I had a dream years ago that I lived in a huge house with many bedrooms. And there was a crying baby in each room. I ran from room to room, feeding one baby after the other, and then I forgot which ones had not been fed, because they all kept crying. I think I had the dream because I wanted to start a family, and I was apprehensive about my ability to care for a baby.
Since then, I have raised two children to adulthood, and I don't recall ever forgetting to feed them. They seem to have a built-in alarm system when they are hungry, no matter how old they are.
Last summer, I was invited to a party at a house with an address that was familiar to me. As I parked my car, I realized my hunch was correct. It was the home where my babies were born nearly 25 years ago. I didn't know the owners, but I had to tell them my story and ask for a tour.
Obviously, after all those years, there were a lot of changes made to the house. But the most important room to me was the nursery. I visualized the crib and the "big-boy bed" side by side, with the rocking chair in the corner. I especially loved to rock my babies, so I stood there basking in that memory as long as I could.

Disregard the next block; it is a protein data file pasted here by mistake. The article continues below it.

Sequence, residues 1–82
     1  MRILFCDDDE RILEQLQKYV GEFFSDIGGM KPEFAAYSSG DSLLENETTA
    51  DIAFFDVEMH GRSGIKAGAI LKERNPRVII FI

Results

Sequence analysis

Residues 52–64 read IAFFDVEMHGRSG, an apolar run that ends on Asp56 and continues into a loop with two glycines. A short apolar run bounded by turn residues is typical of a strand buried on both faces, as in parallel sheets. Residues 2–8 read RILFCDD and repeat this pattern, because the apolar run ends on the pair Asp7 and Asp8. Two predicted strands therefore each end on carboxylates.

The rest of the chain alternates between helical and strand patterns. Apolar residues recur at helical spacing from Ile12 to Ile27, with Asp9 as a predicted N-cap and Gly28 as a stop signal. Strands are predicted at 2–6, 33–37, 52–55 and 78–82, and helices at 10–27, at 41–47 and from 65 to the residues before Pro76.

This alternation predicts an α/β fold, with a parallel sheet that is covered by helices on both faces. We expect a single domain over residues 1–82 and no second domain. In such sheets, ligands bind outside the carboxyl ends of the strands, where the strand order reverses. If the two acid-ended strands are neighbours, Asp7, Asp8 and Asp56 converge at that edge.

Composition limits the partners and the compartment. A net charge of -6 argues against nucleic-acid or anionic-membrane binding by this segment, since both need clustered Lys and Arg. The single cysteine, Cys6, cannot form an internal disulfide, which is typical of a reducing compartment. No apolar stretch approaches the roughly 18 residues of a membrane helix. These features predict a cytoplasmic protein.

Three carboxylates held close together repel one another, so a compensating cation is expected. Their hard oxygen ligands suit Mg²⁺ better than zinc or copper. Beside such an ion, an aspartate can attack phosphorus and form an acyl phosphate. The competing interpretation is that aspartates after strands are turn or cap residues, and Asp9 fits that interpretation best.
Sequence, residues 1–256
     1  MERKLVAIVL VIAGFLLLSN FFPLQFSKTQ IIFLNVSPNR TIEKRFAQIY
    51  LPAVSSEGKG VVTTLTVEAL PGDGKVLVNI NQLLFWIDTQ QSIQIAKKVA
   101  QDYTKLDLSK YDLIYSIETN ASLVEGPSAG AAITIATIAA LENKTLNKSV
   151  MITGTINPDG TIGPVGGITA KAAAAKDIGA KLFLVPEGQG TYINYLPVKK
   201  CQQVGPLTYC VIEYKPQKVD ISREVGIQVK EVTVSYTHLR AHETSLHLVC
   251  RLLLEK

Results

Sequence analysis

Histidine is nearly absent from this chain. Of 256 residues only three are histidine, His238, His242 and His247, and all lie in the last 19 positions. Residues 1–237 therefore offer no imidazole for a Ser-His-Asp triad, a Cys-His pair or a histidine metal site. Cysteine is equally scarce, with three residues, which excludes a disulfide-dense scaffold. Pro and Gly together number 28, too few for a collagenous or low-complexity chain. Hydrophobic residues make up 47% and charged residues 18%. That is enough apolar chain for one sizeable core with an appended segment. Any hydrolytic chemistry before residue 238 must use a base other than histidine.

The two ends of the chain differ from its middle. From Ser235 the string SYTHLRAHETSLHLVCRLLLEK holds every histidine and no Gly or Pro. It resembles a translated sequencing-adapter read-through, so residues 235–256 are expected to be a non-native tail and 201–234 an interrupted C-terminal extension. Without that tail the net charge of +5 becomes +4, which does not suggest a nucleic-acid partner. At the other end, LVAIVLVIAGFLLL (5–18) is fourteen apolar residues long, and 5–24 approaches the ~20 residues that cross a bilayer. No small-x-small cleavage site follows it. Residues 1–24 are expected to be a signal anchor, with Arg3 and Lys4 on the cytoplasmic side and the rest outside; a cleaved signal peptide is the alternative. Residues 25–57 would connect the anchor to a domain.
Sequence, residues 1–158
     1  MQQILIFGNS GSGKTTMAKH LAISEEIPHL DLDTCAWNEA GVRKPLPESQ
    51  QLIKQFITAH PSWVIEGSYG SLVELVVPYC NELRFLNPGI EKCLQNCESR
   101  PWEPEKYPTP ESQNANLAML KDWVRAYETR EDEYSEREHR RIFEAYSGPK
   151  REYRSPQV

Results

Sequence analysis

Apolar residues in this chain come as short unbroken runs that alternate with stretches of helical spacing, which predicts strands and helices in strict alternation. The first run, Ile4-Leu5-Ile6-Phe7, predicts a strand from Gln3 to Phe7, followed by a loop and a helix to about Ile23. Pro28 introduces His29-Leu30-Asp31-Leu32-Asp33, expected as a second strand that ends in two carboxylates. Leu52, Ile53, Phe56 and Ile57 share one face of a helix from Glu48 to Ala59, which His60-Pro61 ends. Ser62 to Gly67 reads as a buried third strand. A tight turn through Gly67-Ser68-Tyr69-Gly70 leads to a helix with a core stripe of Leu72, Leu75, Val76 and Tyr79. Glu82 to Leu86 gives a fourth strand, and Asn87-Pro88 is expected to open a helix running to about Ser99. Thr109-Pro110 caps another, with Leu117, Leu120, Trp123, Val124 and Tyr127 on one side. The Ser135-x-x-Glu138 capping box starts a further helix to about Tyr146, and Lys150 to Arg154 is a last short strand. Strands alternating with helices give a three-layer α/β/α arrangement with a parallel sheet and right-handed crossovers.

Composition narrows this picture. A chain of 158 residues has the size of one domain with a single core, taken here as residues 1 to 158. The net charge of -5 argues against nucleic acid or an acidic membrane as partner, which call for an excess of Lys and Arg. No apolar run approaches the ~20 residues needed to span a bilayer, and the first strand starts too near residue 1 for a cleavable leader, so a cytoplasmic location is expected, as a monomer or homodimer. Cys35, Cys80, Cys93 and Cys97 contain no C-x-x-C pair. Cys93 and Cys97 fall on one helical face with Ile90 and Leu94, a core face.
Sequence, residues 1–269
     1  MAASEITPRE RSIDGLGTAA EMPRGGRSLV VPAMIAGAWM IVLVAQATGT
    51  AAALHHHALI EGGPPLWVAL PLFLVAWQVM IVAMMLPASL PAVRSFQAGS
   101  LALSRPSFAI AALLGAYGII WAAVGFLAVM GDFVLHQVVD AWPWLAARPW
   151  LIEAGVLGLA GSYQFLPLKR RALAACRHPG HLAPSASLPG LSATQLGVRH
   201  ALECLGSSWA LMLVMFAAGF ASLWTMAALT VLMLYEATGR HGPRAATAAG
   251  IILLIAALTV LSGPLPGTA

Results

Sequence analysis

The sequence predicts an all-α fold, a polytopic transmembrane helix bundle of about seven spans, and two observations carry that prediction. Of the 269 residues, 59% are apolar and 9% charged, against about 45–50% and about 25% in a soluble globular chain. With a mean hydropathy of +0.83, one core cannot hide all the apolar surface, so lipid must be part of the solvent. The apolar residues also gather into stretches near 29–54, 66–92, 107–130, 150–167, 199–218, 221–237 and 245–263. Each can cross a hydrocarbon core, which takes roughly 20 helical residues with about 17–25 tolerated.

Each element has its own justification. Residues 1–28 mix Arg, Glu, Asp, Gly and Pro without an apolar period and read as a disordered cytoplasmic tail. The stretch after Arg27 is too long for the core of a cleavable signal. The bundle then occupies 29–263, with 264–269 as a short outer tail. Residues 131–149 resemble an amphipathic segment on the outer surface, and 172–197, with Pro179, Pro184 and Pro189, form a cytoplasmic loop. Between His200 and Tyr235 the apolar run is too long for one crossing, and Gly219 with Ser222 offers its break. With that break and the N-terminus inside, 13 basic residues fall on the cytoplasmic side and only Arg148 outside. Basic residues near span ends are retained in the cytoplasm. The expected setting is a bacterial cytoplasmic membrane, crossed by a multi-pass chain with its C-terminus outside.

The room is now occupied by a miniature schnauzer named Stan, and he is apparently not a fan of Winnie The Poo, as the nursery décor I had chosen was gone.
When I think about their childhood, I wonder if I forgot to teach my kids something important -- like not preparing raw meat and fresh produce on the same cutting board. And I can't help chastising myself for not making them floss their teeth as often as they should.
Parents often say there is no job bigger or more daunting than raising a child. Being president of the United States might be the exception. However, that job doesn't last 18 years.
As a recovering perfectionist, I've learned to look back on my parenting performance as being the best I could do, at the time. A wise soul once told me if you enjoy being around your kids, you are doing a good job.
And considering how much I look forward to spending time with my adult sons, I would have to say I agree. In the immortal words of Winnie the Pooh, "Some people care too much. I think it's called love.
I bet even Stan would wag his tail about that.